Article # six: The Twelfth
Judas Iscariot ate with, traveled with, listened to, worked with and admired the same Jesus as the eleven, yet now they live in two different worlds, one of continuous woe, the other unbroken joy.
Question # 1: Was Judas never attached to the “true vine” or was the branch once attached and became detached?
J E S U S : Any branch in Me that does not bear fruit (that stops bearing) He cuts away….. If a person does not dwell in Me, he is thrown out like a (broken-off) branch, and withers; such branches are gathered up and thrown into the fire, and they are burned. (John 15:2,6 Amp)
It seems Jesus is saying there are branches once abiding in Him that are no longer attached. It is quite possible Judas was such.
Question # 2: How many fit into the category of “does not bear fruit (that stops bearing)”?
In my opinion, many. If there were fifty new converts in a room, all zealous to serve their new-found Master, several will eventually stop bearing good fruit altogether, a few will bear much, most will bear little. Those bearing little fruit will not be cut from “the vine”; they will make it to heaven. However, there will be a day when they will see their large stack of “wood, hay, straw” burned by fire.
Question # 3: Did Judas (or will Judas) make it to heaven?
J E S U S : Woe to that man by whom the Son of Man is betrayed! It would have been good for that man if he had not been born. (Mat. 26:24)
Conclude for yourself if Judas is in heaven or….. somewhere else.
A large portion of the gospel churches are taught “once saved, always saved” (eternal security). That would imply Judas was never saved. However Christ’s language seems to indicate otherwise. Since Judas “betrayed” Christ he must have been relationally attached.
Also, there is a growing number who believe people like Judas will be included in “the restoration of all things” (Acts 3:21) and others say, no, “the restoration of all things” is limited to that “which God has spoken by the mouth of all His holy prophets” (same verse). It does seem if Judas were one day to be restored the words of Christ – “It would have been good for that man if he had not been born” – would be less than true. (Even if it took Judas a million years to be restored, he would have a billion years plus to enjoy heaven.)
Jesus taught (at the sermon of the mount) the wise man is he who hears His words and builds his life upon those words. The eleven were wise. And Jesus taught the foolish man is he who hears but does not build on His words. Such was Iscariot. They who bear but little fruit are somewhere between wise and foolish, wise to respond partially, foolish to not give themselves over fully to the Master’s words of instruction, reproof, correction.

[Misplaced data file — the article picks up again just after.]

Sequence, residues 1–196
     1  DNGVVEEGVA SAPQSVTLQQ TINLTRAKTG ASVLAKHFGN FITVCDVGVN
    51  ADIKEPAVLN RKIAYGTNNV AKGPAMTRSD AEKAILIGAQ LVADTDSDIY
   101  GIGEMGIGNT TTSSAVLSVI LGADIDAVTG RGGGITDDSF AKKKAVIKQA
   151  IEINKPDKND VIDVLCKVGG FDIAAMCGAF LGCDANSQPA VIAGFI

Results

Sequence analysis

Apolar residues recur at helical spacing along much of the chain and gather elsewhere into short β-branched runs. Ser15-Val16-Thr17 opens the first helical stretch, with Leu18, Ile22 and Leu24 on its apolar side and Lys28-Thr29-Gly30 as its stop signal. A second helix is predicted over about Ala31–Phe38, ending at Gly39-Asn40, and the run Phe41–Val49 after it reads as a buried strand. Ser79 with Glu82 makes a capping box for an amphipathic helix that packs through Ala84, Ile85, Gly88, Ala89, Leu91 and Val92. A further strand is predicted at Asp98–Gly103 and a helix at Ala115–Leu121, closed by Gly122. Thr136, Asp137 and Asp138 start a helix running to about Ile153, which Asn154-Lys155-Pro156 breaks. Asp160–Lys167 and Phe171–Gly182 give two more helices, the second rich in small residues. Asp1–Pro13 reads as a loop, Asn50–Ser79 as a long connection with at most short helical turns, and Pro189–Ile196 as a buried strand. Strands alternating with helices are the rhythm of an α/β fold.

Branches who bear less and less fruit have reason to be nervous. One day little might become none, the “vinedresser” will come with His pruning shears, and soon those “branches will be gathered up, and thrown in the fire, and….. burned.”
Question # 4: Why did Judas betray Jesus?
It seems Judas had more confidence in the wisdom of established leadership than in Christ. Their words had preeminence over His words. Judas was a branch more attached to a counterfeit vine than “the true vine.”
In my opinion, Joe and Jill Average Evangelical are more attached to christianity than Christ. Loyalty is toward His, not Him.
A. W. T o z e r : Among the gospel churches Christ is now in fact little more than a beloved symbol. (God Tells the Man Who Cares)
A. W. T o z e r : The cross is her official flag, but in the week-by-week services of the church and the day-by-day conduct of her members someone else, not Christ, makes the decisions. (God Tells the Man Who Cares)
C h a l l e n g e : Dig a little deeper, pray more passionately, surrender totally, spend more time in the Bible, praise more fervently, abide more fully.
P r a y e r : Father, we make an official prayer request, made official because we ask in the name of Christ Jesus: More of Your Holy Spirit! Without Him we can’t. With Him we are able. And God, anoint this article. (And hopefully the reader says, “Amen!”)